There were also discussions around Nigeria’s potential inclusion in the CIGCI ( Cote d’Ivoire – Ghana Cocoa Initiative). However, the main barrier to this is Nigeria’s liberal, unregulated cocoa market system. The two pioneer countries of the initiative both operate structured cocoa market systems, which have been largely responsible for their impressive results on the global stage.
In an encouraging turn of discussion, the representative of the Nigerian Minister of Agriculture and Food Security highlighted the government’s efforts to reintroduce a Cocoa Management Board similar to the Ghana Cocoa Board. However, the process will be gradual to ensure the involvement of all stakeholders.
Overall, the key lessons from the Project Trace Launch event are summarized in the following points.
- There is a pressing need to crack down on the use of inorganic pesticides and herbicides in cocoa production. Apart from leaving harmful residues in the soil and on the harvests, these chemicals are also detrimental to pollinators. Given that the cocoa flower cannot self-pollinate, it heavily relies on pollen from another flower or the same tree, making pollinators crucial. Consequently, farmers are encouraged to prioritize the use of organic fertilizers.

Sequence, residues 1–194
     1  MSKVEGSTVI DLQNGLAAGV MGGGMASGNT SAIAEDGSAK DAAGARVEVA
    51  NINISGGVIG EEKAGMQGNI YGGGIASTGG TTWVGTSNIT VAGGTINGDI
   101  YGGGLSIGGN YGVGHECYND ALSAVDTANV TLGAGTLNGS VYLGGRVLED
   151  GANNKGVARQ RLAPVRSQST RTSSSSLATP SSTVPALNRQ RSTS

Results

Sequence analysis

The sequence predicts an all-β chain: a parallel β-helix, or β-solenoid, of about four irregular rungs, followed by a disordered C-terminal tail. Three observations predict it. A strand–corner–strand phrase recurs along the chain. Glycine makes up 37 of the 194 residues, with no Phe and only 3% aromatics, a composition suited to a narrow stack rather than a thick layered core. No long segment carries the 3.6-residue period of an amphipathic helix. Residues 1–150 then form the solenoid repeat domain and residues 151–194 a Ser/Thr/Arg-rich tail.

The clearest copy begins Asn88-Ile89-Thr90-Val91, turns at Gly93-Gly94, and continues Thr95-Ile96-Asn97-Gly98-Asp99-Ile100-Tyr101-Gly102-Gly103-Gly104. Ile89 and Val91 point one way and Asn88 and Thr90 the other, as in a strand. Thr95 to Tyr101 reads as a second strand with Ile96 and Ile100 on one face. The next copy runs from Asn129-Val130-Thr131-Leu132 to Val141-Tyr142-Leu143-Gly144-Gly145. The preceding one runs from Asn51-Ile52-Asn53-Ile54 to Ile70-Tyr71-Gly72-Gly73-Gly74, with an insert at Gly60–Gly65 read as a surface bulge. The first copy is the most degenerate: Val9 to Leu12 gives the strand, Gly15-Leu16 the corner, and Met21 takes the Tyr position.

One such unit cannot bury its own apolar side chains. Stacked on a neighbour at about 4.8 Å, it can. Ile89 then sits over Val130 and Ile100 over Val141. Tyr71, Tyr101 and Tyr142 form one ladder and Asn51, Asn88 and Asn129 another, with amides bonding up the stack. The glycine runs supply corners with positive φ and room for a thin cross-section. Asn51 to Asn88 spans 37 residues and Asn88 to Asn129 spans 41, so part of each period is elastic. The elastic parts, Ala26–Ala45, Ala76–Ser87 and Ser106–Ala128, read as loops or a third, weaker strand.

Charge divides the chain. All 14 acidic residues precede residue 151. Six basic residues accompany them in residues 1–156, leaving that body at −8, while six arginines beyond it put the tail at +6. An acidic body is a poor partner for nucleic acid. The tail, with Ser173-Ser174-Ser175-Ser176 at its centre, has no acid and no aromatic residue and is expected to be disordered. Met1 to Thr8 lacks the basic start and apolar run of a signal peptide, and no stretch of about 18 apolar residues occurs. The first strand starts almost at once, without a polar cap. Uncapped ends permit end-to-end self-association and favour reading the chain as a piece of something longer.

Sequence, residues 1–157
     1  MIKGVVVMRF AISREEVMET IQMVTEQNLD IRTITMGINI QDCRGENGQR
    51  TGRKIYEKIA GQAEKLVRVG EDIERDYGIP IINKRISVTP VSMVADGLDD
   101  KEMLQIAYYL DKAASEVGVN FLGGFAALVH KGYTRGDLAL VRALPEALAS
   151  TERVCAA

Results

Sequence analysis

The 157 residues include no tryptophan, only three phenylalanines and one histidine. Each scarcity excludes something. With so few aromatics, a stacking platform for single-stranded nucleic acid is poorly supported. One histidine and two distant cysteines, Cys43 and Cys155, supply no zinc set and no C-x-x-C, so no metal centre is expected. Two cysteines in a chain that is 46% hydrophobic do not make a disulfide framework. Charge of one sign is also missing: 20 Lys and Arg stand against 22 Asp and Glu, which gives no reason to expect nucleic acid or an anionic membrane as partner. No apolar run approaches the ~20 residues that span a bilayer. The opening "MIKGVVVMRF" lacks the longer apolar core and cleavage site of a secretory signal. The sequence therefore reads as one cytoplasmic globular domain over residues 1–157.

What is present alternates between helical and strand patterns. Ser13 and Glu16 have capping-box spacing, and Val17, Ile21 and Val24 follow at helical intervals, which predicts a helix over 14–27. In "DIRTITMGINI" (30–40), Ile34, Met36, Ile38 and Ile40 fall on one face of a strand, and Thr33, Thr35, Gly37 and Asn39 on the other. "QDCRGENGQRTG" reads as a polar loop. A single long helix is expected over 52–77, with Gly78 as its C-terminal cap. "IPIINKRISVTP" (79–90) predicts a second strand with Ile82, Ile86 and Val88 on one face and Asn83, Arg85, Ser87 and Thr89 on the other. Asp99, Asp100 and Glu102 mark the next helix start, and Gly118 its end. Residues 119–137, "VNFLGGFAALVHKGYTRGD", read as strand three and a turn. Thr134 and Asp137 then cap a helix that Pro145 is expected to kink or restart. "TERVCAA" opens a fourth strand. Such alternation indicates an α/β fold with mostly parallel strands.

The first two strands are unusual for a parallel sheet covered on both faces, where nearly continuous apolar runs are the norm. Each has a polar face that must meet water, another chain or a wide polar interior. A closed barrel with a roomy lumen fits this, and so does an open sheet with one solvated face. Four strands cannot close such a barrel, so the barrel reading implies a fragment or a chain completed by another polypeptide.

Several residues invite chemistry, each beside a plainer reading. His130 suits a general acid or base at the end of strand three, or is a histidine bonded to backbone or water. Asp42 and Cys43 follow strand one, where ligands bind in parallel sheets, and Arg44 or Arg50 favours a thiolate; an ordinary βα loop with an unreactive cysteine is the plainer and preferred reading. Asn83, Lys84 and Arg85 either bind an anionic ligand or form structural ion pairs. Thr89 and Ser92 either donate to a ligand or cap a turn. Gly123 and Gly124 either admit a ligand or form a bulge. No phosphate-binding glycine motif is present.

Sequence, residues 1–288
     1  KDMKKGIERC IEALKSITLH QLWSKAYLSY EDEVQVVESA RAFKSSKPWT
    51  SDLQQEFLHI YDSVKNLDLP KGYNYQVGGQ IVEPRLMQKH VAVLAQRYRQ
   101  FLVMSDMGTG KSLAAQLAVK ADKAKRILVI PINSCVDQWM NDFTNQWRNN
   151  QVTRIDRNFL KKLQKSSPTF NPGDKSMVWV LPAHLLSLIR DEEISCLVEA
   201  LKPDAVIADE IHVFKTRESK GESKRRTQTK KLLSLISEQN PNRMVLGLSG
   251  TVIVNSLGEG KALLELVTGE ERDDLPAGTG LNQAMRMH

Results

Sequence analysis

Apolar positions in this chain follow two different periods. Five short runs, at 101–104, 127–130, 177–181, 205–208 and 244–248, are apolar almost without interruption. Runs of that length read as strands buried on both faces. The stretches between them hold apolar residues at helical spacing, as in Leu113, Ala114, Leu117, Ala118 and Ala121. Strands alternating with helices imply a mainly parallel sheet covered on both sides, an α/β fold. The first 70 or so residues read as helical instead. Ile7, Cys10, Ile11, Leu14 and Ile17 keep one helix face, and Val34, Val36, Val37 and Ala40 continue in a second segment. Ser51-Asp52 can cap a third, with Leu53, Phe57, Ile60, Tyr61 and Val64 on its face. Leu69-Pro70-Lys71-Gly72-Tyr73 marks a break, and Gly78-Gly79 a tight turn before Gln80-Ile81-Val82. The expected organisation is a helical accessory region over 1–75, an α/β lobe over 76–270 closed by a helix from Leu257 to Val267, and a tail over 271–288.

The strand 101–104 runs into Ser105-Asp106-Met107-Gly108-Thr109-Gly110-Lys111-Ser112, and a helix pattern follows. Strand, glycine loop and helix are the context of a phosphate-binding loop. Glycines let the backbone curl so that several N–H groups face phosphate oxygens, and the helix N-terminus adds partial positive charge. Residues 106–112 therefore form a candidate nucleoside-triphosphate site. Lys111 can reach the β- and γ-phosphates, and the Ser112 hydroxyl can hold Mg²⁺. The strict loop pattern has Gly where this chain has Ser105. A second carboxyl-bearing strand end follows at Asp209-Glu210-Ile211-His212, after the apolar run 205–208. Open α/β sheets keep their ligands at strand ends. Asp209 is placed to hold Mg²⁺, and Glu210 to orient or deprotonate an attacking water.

- The global prices of cocoa, regardless of how high they rise, must directly translate into improved living standards for the farmers.
- Nigeria must enhance its data collection methods to facilitate proper documentation and reliable forecasts.